A section of the lectures examined the conductivity and solubility of the ionic compounds as well as the use of water solutions containing CO2 for the removal of calcareous concretions. The theoretical portion of this workshop was concluded with a lecture on using hydrogen peroxide as a cleaning agent and the chemistry of ionic exchange resins and surfactants' characteristics, which are especially important for the preparation of gels as an alternative for cleaning painted surfaces.
The practical part of the workshop in the Department's conservation studios was led by Prof. M. Coladonato and accompanied by A. Marra. They demonstrated the methodology of measuring the pH and conductivity of prepared water-based solutions and wall painting surfaces by using agarose plugs. Through this demonstration, the participants developed a more acute awareness of these concepts, highly important for defining the intrinsic properties of solutions and modulating their cleaning effectiveness according to the surface properties. By sharing their experiences in formulating, producing, and applying the aforementioned materials and cleaning systems during numerous wall painting conservation projects, the lecturers sparked a spirited discussion with the participants who were eager to share their own experiences and different approaches to dealing with similar problems they had encountered. The participants were also introduced to the appropriate preparation of these cleaning systems, which included solvent mixtures determined using the TriSolv application and several gelling materials (Gellano Kalcogel®, Klucel® G and Carbopol® EZ-2), which were later used on the wall paintings in the Brezovica castle.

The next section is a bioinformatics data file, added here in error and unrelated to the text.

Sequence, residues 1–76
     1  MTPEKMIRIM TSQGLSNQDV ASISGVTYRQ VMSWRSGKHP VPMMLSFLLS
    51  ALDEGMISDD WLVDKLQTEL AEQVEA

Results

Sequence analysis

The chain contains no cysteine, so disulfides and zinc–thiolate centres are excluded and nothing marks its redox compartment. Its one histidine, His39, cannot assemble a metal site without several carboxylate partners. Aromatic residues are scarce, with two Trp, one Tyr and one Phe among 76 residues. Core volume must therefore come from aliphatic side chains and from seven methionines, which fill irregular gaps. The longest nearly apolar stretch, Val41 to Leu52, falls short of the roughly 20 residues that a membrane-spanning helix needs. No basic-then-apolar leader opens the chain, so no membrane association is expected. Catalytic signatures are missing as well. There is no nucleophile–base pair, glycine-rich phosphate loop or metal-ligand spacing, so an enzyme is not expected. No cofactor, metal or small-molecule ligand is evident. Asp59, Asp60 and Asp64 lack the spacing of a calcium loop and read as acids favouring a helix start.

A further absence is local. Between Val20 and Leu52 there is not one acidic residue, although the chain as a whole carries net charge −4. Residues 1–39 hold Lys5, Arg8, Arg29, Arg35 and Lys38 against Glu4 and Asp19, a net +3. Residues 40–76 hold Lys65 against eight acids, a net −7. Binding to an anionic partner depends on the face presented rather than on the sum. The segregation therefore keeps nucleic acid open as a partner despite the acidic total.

The last day of the workshop was held in the Brezovica castle, a representative example of profane architecture of the Baroque period in continental Croatia, which includes wall paintings from the 18th century. The abandoned castle has suffered many unfortunate brake-ins and vandal attacks which, on several occasions, resulted with the wall paintings being sprayed over with graffiti, the last attack occurring as recently as the spring of 2018. As the graffiti ages, the spray paint has become increasingly difficult to remove. This is a problem the Department has been battling with for the last couple of years, so one of the missions of the workshop was to formulate the appropriate cleaning system for its removal. Cleaning trials were conducted with the aforementioned materials prepared in the Department's conservation studio, and the results were discussed among the participants. Certain formulations of gels proved to be very efficient, demonstrating how mixtures of nontoxic solvents with prolonged action can effectively remove aged synthetic paint from porous surfaces.
The workshop ended in high spirits to the satisfaction of both the participants and lecturers. This was due in part to the promising cleaning results obtained working in situ, which defined a new approach in resolving an old issue. Also, the workshop ended with a mutual desire by all to continue sharing knowledge and experiences through future collaboration.
Neva Pološki earned a master's degree in conservation at the Academy of Fine Arts and Design, University of Ljubljana, with a dissertation on aesthetic reintegration of wall paintings in Croatia. From 1997 until 2012 she worked at the Croatian Conservation Institute as a wall painting conservator, and in 2012 she started teaching at the Academy of Fine Arts in Zagreb as an assistant professor.
Barbara Horvat Kavazović graduated at the Department for Conservation and Restoration of Works of Art at the Academy of Fine Arts in Zagreb. Since 2010 she has worked at the Department, first as a teaching assistant and now as an assistant professor, specializing in easel paintings and cleaning processes. She is pursuing a PhD in the field of preservation of cultural heritage.